The author of a children's book with a pluralistic message about religious diversity in Jerusalem has expressed anger about the way a Tel Aviv school turned it into a "Judeocentric" lesson.
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Writer Shoham Smith published the Hebrew-language book “Yomtiyul Yerushalayim” (“Jerusalem Field Trip”) in 2008. Her book tells the story of Daniel, who joins a group of foreign tourists for whom Daniel’s grandmother, Yizraela, is their tour guide. The group is also accompanied by a lion, which is the city's municipal symbol.
The book is full of pluralistic references, including illustrations depicting synagogues, churches and mosques. The tour visits the (Muslim) Dome of the Rock after a visit to the Western Wall, immediately after which there is a reference to “Jerusalem and the Christian religion.”
However, a worksheet for second-graders at a secular Tel Aviv school concentrated only on the Kotel visit.
The worksheet was apparently used as part of classroom activity to mark Jerusalem Day, which this year marked the 50th anniversary of the Six-Day War, when Israel conquered the eastern part of the city.
The sites holy to Islam and Christianity are absent from the worksheet, as is the Knesset and a number of historical facts.
The Hebrew term “Elokim,” which some observant Jews use in contexts other than prayer in referring to God, appears in the worksheet rather than the general Hebrew term “Elohim.” The Jerusalem lion, who in the original story puts a note in the Western Wall, is replaced by Daniel’s brother, Ronen, about whom Yizraela says it is important that he too “sees the holy places in Jerusalem.”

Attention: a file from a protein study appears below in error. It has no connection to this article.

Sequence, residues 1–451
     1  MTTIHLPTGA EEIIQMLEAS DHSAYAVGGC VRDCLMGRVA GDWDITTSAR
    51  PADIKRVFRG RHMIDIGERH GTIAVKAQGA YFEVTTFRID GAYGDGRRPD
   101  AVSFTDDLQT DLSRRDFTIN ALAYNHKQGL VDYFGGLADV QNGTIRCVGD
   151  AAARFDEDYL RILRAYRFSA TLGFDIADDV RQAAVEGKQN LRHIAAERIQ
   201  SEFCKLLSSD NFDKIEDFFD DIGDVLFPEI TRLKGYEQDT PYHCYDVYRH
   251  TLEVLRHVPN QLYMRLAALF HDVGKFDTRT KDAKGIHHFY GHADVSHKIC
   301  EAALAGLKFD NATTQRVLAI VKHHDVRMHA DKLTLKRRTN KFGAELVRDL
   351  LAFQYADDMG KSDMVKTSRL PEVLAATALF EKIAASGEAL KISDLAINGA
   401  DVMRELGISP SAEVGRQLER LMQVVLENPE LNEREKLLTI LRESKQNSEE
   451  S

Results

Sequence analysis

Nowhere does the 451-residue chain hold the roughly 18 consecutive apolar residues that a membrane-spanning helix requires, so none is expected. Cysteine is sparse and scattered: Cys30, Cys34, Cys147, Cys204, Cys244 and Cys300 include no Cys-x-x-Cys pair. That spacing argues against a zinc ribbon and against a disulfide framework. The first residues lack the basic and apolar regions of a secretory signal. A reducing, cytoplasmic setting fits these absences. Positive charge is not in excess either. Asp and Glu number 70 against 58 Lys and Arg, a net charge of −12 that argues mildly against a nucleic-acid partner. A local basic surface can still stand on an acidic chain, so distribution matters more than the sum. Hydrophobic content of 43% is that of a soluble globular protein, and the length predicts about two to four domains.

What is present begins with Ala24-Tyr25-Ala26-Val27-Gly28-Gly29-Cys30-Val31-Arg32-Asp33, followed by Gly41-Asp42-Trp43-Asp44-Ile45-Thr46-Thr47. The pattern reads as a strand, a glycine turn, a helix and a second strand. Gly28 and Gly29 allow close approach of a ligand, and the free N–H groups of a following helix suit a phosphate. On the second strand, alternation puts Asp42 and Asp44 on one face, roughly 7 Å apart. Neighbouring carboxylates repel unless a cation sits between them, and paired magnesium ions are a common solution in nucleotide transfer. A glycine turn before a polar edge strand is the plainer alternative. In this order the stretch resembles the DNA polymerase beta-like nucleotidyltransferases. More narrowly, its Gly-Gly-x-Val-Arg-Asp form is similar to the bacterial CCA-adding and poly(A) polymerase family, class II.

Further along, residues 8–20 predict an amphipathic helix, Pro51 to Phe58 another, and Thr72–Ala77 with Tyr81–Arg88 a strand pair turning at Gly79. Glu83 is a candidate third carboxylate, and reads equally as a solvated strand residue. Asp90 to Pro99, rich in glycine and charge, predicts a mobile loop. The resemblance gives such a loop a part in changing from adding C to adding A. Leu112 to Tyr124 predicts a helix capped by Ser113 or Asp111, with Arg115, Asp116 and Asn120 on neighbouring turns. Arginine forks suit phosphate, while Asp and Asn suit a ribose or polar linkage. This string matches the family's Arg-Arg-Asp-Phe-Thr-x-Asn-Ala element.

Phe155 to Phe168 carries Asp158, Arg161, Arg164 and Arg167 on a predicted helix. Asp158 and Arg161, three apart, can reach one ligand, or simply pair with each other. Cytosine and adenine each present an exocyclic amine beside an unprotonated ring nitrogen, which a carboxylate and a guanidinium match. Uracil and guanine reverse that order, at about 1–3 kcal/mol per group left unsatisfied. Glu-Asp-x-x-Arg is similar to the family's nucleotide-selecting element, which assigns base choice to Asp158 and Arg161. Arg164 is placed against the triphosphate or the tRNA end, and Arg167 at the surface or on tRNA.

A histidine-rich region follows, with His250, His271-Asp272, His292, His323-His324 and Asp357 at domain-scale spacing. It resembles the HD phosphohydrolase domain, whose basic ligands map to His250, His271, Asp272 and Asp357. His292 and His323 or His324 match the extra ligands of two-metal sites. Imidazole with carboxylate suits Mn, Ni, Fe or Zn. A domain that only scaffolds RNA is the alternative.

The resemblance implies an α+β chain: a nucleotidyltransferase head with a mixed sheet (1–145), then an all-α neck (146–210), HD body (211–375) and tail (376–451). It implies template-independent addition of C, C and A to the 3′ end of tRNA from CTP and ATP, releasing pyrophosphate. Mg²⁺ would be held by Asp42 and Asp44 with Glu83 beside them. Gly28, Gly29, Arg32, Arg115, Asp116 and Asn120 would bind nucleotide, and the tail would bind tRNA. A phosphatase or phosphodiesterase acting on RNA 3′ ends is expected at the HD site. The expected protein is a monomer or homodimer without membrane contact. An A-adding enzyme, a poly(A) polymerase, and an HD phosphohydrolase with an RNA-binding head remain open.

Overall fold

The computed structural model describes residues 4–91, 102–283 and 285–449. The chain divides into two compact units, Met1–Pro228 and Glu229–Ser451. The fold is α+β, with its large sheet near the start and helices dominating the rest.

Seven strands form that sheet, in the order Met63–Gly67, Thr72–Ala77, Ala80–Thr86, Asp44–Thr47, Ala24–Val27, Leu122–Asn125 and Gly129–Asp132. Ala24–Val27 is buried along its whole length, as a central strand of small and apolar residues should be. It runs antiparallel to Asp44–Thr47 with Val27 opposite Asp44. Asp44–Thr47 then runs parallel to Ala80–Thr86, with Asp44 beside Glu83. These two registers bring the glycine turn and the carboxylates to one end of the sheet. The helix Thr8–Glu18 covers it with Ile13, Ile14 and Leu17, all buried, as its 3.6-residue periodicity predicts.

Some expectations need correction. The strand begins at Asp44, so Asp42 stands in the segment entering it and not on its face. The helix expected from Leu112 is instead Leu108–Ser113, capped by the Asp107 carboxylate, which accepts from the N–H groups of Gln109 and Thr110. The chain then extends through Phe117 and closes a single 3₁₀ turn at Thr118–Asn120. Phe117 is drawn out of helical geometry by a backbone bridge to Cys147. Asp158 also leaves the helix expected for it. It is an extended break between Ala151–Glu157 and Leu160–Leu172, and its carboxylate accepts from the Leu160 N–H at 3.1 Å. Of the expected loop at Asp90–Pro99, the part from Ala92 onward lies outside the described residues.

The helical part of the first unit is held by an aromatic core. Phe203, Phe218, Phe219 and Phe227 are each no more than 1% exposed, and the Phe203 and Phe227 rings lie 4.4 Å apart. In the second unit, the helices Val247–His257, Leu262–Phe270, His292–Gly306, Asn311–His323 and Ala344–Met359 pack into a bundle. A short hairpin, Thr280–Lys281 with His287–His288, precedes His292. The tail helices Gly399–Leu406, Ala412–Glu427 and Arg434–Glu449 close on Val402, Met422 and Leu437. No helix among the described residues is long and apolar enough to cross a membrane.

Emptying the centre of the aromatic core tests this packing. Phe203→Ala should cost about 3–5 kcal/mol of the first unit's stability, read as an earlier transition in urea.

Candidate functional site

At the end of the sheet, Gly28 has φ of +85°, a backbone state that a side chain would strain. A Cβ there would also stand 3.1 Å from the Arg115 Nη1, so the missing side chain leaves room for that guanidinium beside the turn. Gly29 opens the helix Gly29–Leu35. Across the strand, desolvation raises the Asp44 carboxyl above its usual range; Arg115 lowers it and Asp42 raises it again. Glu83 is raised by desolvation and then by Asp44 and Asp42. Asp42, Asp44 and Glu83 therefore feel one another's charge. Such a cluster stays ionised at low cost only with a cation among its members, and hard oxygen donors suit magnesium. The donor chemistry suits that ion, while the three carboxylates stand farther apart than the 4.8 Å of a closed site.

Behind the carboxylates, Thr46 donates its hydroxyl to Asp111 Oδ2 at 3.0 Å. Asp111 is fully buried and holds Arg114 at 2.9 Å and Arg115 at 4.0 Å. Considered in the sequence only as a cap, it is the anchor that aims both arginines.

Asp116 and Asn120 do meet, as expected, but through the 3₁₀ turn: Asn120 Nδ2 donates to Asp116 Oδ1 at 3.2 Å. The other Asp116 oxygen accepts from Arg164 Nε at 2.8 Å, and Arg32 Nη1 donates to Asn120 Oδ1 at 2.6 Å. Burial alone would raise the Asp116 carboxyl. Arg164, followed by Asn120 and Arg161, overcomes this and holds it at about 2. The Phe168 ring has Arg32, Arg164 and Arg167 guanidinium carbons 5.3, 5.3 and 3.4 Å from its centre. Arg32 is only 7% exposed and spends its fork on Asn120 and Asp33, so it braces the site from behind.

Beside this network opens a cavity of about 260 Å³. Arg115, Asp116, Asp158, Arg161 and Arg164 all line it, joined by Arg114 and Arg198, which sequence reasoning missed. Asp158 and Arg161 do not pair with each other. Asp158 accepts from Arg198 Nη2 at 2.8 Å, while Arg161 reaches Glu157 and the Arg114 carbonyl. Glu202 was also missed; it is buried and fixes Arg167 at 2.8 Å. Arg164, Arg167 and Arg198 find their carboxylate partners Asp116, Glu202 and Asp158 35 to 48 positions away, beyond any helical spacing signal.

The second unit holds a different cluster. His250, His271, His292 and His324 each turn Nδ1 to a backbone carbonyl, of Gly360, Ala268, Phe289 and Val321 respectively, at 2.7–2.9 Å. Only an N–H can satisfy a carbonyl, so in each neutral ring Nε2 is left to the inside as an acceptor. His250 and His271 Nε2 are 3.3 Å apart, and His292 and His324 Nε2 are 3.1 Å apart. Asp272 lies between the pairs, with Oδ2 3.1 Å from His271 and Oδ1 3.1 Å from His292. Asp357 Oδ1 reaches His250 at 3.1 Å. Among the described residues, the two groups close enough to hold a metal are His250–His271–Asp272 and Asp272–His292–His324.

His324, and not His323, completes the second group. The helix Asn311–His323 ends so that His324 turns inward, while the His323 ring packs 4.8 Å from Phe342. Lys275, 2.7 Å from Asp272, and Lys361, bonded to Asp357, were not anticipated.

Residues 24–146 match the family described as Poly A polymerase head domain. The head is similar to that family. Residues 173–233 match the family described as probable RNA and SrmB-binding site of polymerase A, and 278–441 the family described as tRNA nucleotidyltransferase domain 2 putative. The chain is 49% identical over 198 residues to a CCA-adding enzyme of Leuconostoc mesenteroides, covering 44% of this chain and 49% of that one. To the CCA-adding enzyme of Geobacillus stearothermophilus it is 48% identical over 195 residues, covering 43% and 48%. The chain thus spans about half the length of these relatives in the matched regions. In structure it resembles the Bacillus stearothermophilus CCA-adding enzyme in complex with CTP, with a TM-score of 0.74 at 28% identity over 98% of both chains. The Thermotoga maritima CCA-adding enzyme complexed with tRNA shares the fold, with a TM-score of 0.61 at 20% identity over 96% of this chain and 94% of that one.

“The text published in my name is the sodomization of my book,” said Smith. “The Judeocentric adaptation has reduced an entire book, and a complete and balanced tour, to one episode of a visit to the Western Wall. In the text I wrote, there is information, and literary and humanistic values. It has been rewritten and used for a purpose that is clearly contrary to my values.”
The worksheet, Smith added, distorted the story, turning it into PR material for Jerusalem “as the Jewish holy city.” She said it was disturbing to think that teachers used the worksheet based on her book “without a warning light going off.”
She called on secular parents to “realize they have to stand guard and review their children’s study materials.”
In April, it was announced that the Education Ministry had convened a team to look into claims that religious content is finding its way into textbooks in the country’s nonreligious schools.
The move follows an examination of textbooks by parents from the Secular Forum, a group whose website states its demand that the secular school system defend itself from what it calls “the widespread religious radicalization” of Israeli society and schools.
State schools in Israel, as opposed to state religious and ultra-Orthodox schools, teach a largely secular curriculum, with some attention to Jewish religious heritage – particularly as students approach their bar and bat mitzvahs. Bible study is also an integral part of the state school curriculum for its literary and historical content.